Nevison, CD, Dlugokencky E, Dutton G, Elkins JW, Fraser P, Hall B, Krummel PB, Langenfelds RL, O'Doherty S, Prinn RG, Steele LP, Weiss RF.  2011.  Exploring causes of interannual variability in the seasonal cycles of tropospheric nitrous oxide. Atmospheric Chemistry and Physics. 11:3713-3730.   10.5194/acp-11-3713-2011   AbstractWebsite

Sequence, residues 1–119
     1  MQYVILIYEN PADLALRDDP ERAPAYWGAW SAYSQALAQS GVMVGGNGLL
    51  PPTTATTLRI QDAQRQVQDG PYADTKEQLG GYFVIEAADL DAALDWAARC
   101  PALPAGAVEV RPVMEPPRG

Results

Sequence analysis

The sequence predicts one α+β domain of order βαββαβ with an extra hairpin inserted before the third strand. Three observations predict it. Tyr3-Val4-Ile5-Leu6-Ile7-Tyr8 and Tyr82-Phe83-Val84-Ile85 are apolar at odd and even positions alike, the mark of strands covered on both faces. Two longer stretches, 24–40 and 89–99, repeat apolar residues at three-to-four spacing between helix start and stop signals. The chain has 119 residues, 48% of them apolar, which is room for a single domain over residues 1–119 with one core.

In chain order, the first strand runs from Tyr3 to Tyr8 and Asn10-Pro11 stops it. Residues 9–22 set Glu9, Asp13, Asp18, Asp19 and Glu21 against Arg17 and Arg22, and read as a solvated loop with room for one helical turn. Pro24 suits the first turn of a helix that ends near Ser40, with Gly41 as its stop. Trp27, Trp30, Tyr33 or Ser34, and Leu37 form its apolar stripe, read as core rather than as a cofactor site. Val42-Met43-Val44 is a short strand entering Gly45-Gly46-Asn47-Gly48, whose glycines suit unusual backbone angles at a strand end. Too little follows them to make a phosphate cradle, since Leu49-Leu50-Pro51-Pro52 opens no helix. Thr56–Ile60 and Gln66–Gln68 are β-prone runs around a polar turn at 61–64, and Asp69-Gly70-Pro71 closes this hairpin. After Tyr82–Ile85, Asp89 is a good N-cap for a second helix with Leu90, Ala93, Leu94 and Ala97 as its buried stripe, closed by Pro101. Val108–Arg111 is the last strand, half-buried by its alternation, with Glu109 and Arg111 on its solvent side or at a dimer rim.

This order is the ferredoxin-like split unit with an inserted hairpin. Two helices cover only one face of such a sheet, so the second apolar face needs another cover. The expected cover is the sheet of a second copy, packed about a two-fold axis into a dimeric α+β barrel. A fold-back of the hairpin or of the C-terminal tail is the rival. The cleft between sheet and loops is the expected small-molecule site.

Seasonal cycles in the mixing ratios of tropospheric nitrous oxide (N(2)O) are derived by detrending long-term measurements made at sites across four global surface monitoring networks. The detrended monthly data display large interannual variability, which at some sites challenges the concept of a "mean" seasonal cycle. In the Northern Hemisphere, correlations between polar winter lower stratospheric temperature and detrended N(2)O data, around the month of the seasonal minimum, provide empirical evidence for a stratospheric influence, which varies in strength from year to year and can explain much of the interannual variability in the surface seasonal cycle. Even at sites where a strong, competing, regional N(2)O source exists, such as from coastal upwelling at Trinidad Head, California, the stratospheric influence must be understood to interpret the biogeochemical signal in monthly mean data. In the Southern Hemisphere, detrended surface N(2)O monthly means are correlated with polar spring lower stratospheric temperature in months preceding the N(2)O minimum, providing empirical evidence for a coherent stratospheric influence in that hemisphere as well, in contrast to some recent atmospheric chemical transport model (ACTM) results. Correlations between the phasing of the surface N(2)O seasonal cycle in both hemispheres and both polar lower stratospheric temperature and polar vortex break-up date provide additional support for a stratospheric influence. The correlations discussed above are generally more evident in high-frequency in situ data than in data from weekly flask samples. Furthermore, the interannual variability in the N(2)O seasonal cycle is not always correlated among in situ and flask networks that share common sites, nor do the mean seasonal amplitudes always agree. The importance of abiotic influences such as the stratospheric influx and tropospheric transport on N(2)O seasonal cycles suggests that, at sites remote from local sources, surface N(2)O mixing ratio data by themselves are unlikely to provide information about seasonality in surface sources, e. g., for atmospheric inversions, unless the ACTMs employed in the inversions accurately account for these influences. An additional abioitc influence is the seasonal ingassing and outgassing of cooling and warming surface waters, which creates a thermal signal in tropospheric N(2)O that is of particular importance in the extratropical Southern Hemisphere, where it competes with the biological ocean source signal.